Home > Uncategorized > Waiver of Re-Hiring Upheld by Court of Appeal in Unpublished Decision

Waiver of Re-Hiring Upheld by Court of Appeal in Unpublished Decision

November 19th, 2012

Sometimes, the item holding up a perfectly good settlement is the issue of whether an injured worker is willing to permanently sever his or her relationship with the employer.  After all, no all workers’ compensation claims are about real injuries – sometimes the they are just one other instance in a feud between an employer and an employee.

Labor Code section 132a prohibits employers and insurers from discriminating against employers for discriminating against employees who file for workers’ compensation benefits, but typically a resignation is a necessary part of settlement for the purposes of a Compromise and Release (as opposed to stipulations).  But what about issues of hiring and, more importantly, re-hiring?

The Court of Appeal recently issues an unpublished opinion in the matter of Homeport Insurance Services v. William Lundy.  Lundy had sustained an injury and sought benefits under the Longshore and Harbor Workers’ Compensation Act.  Part of the big cash settlement was that Mr. Lundy would never seek re-employment by any of Homeport’s insured employers again.

Mr. Lundy, after cashing his check, started taking jobs from his union hall for the same employers, and Homeport sued for specific performance of the agreement.

The Superior Court Judge granted plaintiff’s motion for summary judgment, and Mr. Lundy appealed, arguing that Labor Code section 132a and general public policy prohibits the enforcement of this clause in the contract.

In its (unfortunately) unpublished opinion, the Court of Appeal affirmed the trial Judge’s ruling, reasoning that a contract is a contract is a contract, and whatever public policies are stated by Labor Code section 132a fail to override the public policy of encouraging settlement and protecting the parties’ rights to contract for their mutual benefit.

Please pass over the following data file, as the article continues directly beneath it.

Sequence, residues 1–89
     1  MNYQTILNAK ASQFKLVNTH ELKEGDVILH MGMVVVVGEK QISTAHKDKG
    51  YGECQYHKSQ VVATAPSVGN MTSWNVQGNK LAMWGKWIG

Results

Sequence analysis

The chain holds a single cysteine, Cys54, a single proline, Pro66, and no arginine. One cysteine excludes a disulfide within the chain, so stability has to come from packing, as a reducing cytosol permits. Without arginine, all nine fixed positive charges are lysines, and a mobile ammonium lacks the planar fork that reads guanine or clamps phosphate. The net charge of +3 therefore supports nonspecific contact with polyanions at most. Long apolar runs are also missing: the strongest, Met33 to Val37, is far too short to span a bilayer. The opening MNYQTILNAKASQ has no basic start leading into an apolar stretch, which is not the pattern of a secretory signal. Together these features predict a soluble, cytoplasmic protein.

Now, your humble blogger can’t help but wonder about the ripple effect of this opinion.  Granted, there is no citable authority as yet, but employers often have very good reason to be rid of a litigious employee.  Often enough, a good, solid employee that is the victim of an unfortunate accident at work has the support of his or her employer who wants him or her back – good help is very hard to find, after all.

But there are also lazy employees who resent their employers, and think of workers’ compensation as a form of “blue collar lotto” where the slightest paper-cut should entitle them to a life of jobless ease.

So, what’s to stop an employee from resigning as part of a Compromise and Release from immediately applying for his or her old job?  “Hey – you’re going to need someone to fill that post, and who knows it better than me? You won’t even need to train me… I did this job for five years already.  What? You won’t hire me?!?  That’s just because I filed a workers’ comp claim!  That’s discrimination!”

There have been past cases on similar facts.  For example, in the writ denied case of Lois Wood v. County of Alameda, the WCAB upheld the WCJ’s finding that employer had violated LC 132a in failing to return workers to vacant positions when objectively more qualified applicants were seeking that same position.

Similarly, in the writ denied case of Michael Phillips v. City of Rialto, the WCAB also affirmed the WCJ’s finding that the employer had violated LC 132a when it failed to follow its own policy of rehiring past employees after layoffs if the same position should become available.  But neither of these cases dealt with employees resigning as part of a settlement agreement and then re-applying for the same position.

Whatever results this effort might have at trial, the employer would still be faced with the prospects of potentially costly litigation.

Perhaps this is a strategy worth exploring – having the employee agree to never seek re-employment with the employer, or at least for a number of years (10-15).  At the very least, such a maneuver should take the issue out of the “fuzzy” law of workers’ compensation and into the cold, merciless review of the Superior Court. 

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